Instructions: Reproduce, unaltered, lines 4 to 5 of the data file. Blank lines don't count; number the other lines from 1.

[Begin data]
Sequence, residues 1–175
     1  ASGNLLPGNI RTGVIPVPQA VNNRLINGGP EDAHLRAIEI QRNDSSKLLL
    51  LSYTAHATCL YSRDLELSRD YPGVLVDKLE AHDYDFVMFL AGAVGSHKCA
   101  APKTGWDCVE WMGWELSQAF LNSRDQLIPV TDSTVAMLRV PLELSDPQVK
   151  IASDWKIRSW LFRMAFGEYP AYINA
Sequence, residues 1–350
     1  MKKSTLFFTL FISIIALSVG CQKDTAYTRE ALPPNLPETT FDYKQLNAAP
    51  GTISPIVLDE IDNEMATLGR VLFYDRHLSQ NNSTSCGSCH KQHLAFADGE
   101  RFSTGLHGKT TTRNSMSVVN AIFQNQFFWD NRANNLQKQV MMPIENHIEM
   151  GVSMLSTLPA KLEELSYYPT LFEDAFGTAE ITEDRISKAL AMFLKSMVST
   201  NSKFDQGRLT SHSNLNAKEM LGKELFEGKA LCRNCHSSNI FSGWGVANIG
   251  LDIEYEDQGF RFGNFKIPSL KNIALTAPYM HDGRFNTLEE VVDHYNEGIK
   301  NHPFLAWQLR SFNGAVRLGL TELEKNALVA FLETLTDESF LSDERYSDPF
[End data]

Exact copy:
   101  APKTGWDCVE WMGWELSQAF LNSRDQLIPV TDSTVAMLRV PLELSDPQVK
   151  IASDWKIRSW LFRMAFGEYP AYINA